Aswab are pleased to be able to offer EMDR on a private basis. We have both completed full three-part training in EMDR, and have experience of working with a variety of trauma and adjustment difficulties using EMDR.

There follows a description of PTSD and EMDR by Steve.

Post-Traumatic Stress Disorder (PTSD)

It might help to explain what PTSD is. Without wanting to go into detail, (and having a somewhat jaundiced eye for the medical model anyway), PTSD is a diagnosis of anxiety, hyper-arousal or depression brought about by either an overwhelming traumatic event, (rape, severe crashes, Hillsborough stadium, etc.), or by longer periods of trauma, (childhood sexual abuse, neglect, etc.). In the face of such traumas, a high number of people (up to 50%) will experience ongoing effects, naturally, and this seems to be a way of the mind recovering from the effect of the trauma. This will drop off in time, and gradually many people will stop suffering. A significant minority, though, will continue to suffer from stress as a result of the trauma, and the amount of suffering will be effected by the amount of trauma in the first place, their ability to find support, how young they were when the trauma happened, how well they process stress related to their personal history and possibly genetic influences.

The most common treatment for PTSD is CBT, (Cognitive Behavioural Therapy). There are a few different treatments within CBT, basically helping a sufferer to revisit the trauma, (either physically or mentally), and gradually to become less over-sensitised to the traumatic situation.


EMDR (Eye Movement Desensitization and Reprocessing) is a treatment primarily for people suffering with Post-Traumatic Stress Disorder (PTSD). It was first developed in the late 1980 by Francine Shapiro in the US, and has been extended in recent years, with training becoming available in the UK in 1995.

EMDR is a therapeutic intervention which works in similar ways to the CBT interventions, but works within a clearly defined, and quite short, structure. It was initially developed by Francine Shapiro as a way of the client performing eye movements at the instruction of the therapist, while holding in her (the client's) mind the traumatic event. It was found that when effective this quickly allowed the traumatic event to move from a currently held trauma into a more easily processed memory. From its early days this has now developed into a fully integrated 8-stage model.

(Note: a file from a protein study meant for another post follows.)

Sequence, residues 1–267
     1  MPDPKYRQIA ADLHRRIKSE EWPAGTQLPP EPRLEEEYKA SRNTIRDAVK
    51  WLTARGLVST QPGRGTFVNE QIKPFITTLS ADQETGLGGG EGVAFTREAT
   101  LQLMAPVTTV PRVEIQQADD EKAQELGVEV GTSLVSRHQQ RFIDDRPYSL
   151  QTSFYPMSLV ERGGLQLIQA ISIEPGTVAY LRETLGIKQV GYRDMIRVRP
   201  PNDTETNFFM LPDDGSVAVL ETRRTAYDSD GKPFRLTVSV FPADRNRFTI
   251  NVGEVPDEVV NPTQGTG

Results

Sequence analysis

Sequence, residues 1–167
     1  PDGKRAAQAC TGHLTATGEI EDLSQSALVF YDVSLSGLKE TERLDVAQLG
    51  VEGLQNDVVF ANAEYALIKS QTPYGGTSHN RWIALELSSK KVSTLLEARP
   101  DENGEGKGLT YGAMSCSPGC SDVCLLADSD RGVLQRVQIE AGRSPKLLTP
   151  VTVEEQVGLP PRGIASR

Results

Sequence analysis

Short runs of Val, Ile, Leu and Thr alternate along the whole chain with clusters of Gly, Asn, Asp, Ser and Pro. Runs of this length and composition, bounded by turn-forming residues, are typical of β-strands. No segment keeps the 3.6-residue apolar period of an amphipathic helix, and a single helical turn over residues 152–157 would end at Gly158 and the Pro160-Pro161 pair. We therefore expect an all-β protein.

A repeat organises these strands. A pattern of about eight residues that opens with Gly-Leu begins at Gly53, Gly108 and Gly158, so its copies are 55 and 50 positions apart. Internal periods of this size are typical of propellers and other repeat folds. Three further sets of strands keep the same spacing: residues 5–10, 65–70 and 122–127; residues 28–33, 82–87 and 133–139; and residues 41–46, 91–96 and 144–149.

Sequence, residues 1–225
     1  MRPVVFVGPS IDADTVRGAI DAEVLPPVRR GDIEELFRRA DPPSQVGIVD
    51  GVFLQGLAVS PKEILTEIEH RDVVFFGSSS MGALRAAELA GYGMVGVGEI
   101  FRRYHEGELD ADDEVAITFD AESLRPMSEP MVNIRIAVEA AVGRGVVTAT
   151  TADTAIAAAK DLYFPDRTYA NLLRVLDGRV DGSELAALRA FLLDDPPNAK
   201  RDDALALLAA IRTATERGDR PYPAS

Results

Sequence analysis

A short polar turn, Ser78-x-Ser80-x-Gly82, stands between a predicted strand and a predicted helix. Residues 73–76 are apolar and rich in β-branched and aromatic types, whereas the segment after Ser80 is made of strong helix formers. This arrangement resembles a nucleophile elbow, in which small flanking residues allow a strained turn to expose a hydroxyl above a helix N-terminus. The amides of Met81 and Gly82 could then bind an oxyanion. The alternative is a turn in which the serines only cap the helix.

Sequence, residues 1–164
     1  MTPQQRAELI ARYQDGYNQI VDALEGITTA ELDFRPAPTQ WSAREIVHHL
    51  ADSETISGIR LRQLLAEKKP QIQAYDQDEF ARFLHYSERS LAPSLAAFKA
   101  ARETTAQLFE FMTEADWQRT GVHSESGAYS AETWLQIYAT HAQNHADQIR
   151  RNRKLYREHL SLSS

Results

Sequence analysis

EMDR has had a mixed press. In its early history it was both held as a potential 'miracle cure' and completely derided as being without scientific basis. In the last few years it has been researched into extensively, and has been shown to be at least as effective as CBT approaches, less traumatising, and with fewer potential side effects. Many trauma specialists, including Rape Crisis and a number of other trauma services use EMDR regularly, and is one of only two therapies prescribed for PTSD in the NICE guidelines.

While it was developed primarily for use with trauma, other areas which have found some success are panic attacks, anxiety, addictions, dissociative disorders, disturbing memories, stress reduction, complicated grief, physical or sexual abuse, stage fright, public speaking, phobias, phantom limb pain and pain in general. All of these areas are subject to on-going research, but at Aswab the main conditions treated are anxiety, PTSD, and the various types of fallout from abuse.

Lifespan Integration

Steve is also trained in Lifespan Integration, a gentle approach to allowing people to re-integrate trauma and early attachment difficulties. Please feel free to contact us about this, we will be happy to discuss it.